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Re: The slavery - rape and pillage complex
Reply #3 - Mar 4th, 2012 at 5:57pm
 
NorthOfNorth wrote on Mar 4th, 2012 at 3:11pm:
With the rapid rise of Arab fortunes, once united under Islam, and their astonishing and enduring success during the first few centuries, it's not hard to understand Arab association with that success and it's pre-ordination by a deity.

Christianity arrogated to itself the same claim.

Today it's democracy that claims Christianity's former role - though devoid of a deity and not a religion, despite American Christian fundamentalism. The crucial difference being that democracy's 'dogma' is written in pencil on paper, not chiseled into stone.



Liberal Democracy deifies the human being; giving human beings the supposed right to legislate what God Almighty alone has the real right to legislate.
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Re: The slavery - rape and pillage complex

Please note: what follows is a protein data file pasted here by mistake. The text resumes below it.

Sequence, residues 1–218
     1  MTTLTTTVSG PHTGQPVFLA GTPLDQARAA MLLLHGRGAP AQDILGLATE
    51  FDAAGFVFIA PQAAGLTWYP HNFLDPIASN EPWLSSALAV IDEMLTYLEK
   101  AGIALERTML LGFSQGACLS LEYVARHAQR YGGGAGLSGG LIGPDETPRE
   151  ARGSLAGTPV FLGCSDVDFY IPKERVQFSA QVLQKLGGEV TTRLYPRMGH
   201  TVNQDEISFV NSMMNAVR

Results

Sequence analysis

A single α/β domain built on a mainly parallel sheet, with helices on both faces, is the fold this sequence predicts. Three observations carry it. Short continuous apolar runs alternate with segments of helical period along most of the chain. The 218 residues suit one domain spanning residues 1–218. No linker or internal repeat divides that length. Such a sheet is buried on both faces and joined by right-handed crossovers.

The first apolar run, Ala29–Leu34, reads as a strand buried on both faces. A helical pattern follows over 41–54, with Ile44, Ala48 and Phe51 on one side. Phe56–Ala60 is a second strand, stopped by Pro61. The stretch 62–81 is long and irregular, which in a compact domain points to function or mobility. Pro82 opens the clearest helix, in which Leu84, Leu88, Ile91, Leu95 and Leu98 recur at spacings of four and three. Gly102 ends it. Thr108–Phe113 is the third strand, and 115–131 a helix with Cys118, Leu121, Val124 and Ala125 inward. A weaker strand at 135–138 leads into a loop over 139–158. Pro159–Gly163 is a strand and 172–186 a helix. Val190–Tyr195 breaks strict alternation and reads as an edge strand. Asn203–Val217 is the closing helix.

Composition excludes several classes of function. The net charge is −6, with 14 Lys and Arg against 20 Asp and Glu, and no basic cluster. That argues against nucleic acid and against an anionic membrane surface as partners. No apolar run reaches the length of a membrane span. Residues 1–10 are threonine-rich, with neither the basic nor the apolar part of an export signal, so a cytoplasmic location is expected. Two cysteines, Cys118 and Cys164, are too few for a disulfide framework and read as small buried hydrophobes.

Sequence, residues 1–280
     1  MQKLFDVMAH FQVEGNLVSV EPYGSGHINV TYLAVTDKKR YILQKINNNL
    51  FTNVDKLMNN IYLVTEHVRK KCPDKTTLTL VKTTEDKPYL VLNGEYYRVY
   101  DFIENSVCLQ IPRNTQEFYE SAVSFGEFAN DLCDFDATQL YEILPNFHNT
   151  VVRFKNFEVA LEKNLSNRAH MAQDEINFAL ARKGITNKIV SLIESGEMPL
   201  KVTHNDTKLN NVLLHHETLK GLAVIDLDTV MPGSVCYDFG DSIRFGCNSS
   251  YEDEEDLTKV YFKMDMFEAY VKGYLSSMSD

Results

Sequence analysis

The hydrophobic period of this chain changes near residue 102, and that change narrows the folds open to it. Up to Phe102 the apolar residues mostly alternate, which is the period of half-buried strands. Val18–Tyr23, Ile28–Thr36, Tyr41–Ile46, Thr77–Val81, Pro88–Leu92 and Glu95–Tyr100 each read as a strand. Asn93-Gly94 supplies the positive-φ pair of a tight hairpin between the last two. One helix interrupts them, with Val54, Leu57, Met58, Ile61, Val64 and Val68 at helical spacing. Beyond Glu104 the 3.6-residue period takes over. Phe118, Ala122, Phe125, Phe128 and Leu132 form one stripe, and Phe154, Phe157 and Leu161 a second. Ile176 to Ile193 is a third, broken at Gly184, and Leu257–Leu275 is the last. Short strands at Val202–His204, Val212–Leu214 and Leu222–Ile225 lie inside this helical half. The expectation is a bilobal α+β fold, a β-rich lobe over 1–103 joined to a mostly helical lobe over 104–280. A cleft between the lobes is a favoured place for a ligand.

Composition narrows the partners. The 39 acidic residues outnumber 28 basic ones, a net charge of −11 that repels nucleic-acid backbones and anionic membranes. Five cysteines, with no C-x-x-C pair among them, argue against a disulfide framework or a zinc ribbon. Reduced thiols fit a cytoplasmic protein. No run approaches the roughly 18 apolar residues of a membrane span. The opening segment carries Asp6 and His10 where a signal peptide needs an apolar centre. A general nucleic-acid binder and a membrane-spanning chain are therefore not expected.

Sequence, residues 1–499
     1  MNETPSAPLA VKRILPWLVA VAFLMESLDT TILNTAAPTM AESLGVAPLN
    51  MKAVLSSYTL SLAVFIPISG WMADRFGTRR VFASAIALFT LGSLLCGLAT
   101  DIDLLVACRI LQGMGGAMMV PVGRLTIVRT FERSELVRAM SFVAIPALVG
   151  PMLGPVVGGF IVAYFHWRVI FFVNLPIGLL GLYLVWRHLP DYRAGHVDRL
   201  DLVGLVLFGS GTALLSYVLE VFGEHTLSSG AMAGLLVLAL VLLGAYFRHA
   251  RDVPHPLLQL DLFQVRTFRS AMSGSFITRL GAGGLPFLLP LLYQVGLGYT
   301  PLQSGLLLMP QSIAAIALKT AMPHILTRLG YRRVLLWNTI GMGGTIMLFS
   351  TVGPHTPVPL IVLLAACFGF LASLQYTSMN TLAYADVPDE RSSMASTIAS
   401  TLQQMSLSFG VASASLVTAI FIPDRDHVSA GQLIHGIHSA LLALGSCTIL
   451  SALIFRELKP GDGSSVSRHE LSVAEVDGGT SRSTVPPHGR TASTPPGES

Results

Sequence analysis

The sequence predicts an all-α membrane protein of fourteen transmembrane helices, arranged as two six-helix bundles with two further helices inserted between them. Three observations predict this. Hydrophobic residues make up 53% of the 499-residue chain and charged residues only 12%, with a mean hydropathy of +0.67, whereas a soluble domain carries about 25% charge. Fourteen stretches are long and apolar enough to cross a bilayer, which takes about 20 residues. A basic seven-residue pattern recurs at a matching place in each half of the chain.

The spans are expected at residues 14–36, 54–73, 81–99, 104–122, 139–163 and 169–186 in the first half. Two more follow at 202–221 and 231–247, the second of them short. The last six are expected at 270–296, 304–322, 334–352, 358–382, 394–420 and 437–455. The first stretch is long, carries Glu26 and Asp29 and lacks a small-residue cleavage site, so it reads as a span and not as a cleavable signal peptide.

Reply #4 - Mar 4th, 2012 at 6:19pm
 
falah wrote on Mar 4th, 2012 at 5:57pm:
NorthOfNorth wrote on Mar 4th, 2012 at 3:11pm:
With the rapid rise of Arab fortunes, once united under Islam, and their astonishing and enduring success during the first few centuries, it's not hard to understand Arab association with that success and it's pre-ordination by a deity.

Christianity arrogated to itself the same claim.

Today it's democracy that claims Christianity's former role - though devoid of a deity and not a religion, despite American Christian fundamentalism. The crucial difference being that democracy's 'dogma' is written in pencil on paper, not chiseled into stone.



Liberal Democracy deifies the human being; giving human beings the supposed right to legislate what God Almighty alone has the real right to legislate.

To use a metaphor to describe the esteem in which secular democrats hold the human being (I.e. deifying) is not the same as believing in a deity or its right to 'leglislate'. No sane secular democrat would argue that democratic legislation was anything other than the work of humans.

Slavery does not enhance the moral worth of its perpetrator and it's permissability via religious dogma is a cynical act of convenience (religio-legislation if you must) by its author(s) and potential or actual perpetrator(s) that has the likes of yourself and others scrambling to ameliorate its implications by rhetorically sugar coating the bitter pill - as, unlike democratic legislation, you are unable to extricate religious dogmatic outrages like the tolerance of slavery from the text.

Religious dogma remains fixed and over time even more immutable than any decree proclaimed by non-democratic (I.e. autocratic) rule.